25.11.12

In Praise of the American Christmas


Right after thanksgiving, Americans are often torn between two contrasting sentiments.  The first is "It's the Most Wonderful Time of the Year", where one abandons oneself to the pent-up desires to play Christmas music and decorate the tree while drinking egg nog.  The other is disgust and often complaining about the rush and distractions of the uber-busy and psychotic consumerism embodied in violent mega-store incidents at 2am on black friday.

And yes, there are things amiss in the way Americans generally celebrate Christmas.  But I would like to take a moment to celebrate the vision of Christmas that most Americans hold, because I personally find it wonderful and even wonder-filling.

Ask anyone to name five things associated with Christmas and you could easily get five different things.  Name twenty Christmas songs?  Easily.  American Christmas is amazingly multi-dimensional, considering that it's traditions are relatively short-lived (compared to European counterparts, that is).


Christmas is, of course, foremost the celebration of Christ's coming, but it is also a celebration of gifts.  Family.  Generosity.  Parties.  Lights.  Winter.  The passing of another year.  Music.  And food:  Cookies of scores of holiday varieties.  Egg Nog. Custard.  Cocoa.  All things flavored with nutmeg.

Can all these things distract from our understanding and contemplation of the incarnation of Christ?  They can, but I am not convinced that they must.  Because I think that all these things are the traditions, the fabric, the stuff of celebration.  They can create the picture frame for the image of the incarnation, reminding that this really is the same old story whose importance and wonder makes it worth telling over and over again, year after year.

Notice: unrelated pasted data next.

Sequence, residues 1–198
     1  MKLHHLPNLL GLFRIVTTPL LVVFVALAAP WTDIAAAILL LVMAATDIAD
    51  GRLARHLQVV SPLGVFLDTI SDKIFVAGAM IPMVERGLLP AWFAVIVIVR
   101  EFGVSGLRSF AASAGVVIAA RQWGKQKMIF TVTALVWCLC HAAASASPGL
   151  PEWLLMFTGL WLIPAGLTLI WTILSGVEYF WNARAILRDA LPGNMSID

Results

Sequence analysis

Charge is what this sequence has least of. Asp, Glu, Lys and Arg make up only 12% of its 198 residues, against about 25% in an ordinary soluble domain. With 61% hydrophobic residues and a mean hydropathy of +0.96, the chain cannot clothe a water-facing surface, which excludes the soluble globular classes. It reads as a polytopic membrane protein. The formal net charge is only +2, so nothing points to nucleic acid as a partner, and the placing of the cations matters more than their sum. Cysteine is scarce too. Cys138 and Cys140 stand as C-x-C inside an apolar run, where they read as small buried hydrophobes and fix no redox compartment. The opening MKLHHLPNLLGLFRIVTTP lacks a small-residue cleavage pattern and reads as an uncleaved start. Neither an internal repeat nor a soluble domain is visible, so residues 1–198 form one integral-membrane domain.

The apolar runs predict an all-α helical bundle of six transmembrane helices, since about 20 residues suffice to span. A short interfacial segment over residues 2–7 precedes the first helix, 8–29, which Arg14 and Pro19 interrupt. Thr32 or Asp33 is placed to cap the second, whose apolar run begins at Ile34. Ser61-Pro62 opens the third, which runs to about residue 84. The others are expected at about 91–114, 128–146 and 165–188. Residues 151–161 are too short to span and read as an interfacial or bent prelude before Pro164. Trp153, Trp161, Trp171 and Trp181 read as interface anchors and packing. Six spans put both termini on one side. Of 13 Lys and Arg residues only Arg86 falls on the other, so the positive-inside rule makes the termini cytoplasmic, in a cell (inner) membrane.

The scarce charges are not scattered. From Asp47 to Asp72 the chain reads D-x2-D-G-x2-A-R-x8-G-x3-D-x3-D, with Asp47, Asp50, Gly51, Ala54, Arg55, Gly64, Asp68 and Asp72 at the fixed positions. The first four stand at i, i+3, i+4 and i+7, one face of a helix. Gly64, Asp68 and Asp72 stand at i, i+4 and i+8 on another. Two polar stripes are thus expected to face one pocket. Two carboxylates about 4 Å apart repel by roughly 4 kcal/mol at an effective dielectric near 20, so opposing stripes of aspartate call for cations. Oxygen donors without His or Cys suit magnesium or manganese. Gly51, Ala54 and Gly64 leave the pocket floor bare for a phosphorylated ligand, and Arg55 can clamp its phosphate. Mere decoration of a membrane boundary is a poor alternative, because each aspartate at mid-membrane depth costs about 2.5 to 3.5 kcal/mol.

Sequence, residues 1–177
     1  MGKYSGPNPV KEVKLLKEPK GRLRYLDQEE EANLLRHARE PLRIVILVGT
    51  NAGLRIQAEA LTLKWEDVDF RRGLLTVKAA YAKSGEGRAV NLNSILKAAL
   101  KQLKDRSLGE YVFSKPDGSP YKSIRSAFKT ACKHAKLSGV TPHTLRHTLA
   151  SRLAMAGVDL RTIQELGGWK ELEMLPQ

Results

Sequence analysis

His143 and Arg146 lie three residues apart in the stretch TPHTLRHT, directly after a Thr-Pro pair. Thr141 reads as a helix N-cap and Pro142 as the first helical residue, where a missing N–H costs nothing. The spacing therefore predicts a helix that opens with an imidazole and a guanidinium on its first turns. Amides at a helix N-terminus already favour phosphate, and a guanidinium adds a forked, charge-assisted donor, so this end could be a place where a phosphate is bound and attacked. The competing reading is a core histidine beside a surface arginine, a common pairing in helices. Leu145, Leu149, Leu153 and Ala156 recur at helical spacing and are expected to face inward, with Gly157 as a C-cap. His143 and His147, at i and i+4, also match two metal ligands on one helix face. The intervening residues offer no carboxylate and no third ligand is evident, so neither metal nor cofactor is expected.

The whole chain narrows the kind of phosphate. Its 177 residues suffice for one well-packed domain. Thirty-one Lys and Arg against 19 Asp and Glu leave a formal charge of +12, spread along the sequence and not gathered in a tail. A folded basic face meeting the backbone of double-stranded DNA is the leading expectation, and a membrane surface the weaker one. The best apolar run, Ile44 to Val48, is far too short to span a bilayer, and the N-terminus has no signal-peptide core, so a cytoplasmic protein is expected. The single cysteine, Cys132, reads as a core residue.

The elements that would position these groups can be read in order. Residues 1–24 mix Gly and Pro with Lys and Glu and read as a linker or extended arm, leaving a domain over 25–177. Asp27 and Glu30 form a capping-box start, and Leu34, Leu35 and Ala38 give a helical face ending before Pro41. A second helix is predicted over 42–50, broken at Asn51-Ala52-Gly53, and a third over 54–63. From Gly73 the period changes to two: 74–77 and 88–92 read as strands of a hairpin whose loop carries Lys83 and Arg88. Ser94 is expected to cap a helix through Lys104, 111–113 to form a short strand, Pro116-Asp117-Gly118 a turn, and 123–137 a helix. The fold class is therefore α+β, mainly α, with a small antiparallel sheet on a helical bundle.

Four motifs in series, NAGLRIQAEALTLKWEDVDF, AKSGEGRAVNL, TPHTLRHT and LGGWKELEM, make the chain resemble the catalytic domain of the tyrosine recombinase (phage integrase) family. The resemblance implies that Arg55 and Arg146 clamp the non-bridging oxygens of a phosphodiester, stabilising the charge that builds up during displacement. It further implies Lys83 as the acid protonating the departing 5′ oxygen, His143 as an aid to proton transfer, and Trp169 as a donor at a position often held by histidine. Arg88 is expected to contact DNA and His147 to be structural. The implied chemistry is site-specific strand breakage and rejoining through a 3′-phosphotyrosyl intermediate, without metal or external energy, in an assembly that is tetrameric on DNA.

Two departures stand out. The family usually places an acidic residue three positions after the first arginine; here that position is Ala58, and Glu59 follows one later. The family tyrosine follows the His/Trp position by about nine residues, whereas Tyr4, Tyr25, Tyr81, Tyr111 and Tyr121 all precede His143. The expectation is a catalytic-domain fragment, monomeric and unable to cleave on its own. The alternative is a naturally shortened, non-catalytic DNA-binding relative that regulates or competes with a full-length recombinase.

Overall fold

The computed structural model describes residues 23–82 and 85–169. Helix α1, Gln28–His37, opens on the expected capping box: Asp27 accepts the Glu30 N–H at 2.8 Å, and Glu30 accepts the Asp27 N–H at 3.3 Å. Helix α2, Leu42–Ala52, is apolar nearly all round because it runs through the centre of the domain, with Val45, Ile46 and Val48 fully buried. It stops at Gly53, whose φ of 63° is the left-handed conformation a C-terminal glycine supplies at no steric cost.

All the unique caroling melodies, color combinations, pine smells, peppermint flavors, and lighted homes come out just one a year to add to the thickness of our celebration, just as the winter season itself calls for an increase in layers.


The diverse visions of American Christmas go on and on.  The Currier and Ives and Norman Rockwell.  The 1950's Coca Cola Santa Pictures.  Jimmy Stewart and Bedford Falls.  Clay-mation Rudolph.  Bing Crosby and his crowd of crooners in the ski lodges.  The Peanuts gang sliding around on the ice with their too-short legs.  All of these are some kind of ideal, and probably none of them have really existed.  But they fill our imaginations and we watch their movies and put together jigsaw puzzles which bear their diverse images.

Thus, if you ask me, I would say, that if all these things bring you joy, embrace it as the joy of your celebration of the birth of Christ, as disparate as it may seem.  The milieu of the American Christmas can be a blessing, and it's our own and others' expectations that will run us over,  not your favorite snack or your favorite movie.

3 comments:

samispeak said...

I couldn't agree more. All good is derivative of the greatest Good. I love Christmastime!

Uttz Family said...

ditto

Timothy said...

Well said! A great description of the joys and fun memories of Christmas past and future! If we miss it because of the stress and hassles, it is our own fault-- it doesn't have to be that way! The choice is ours! Merry Christmas every one! Tim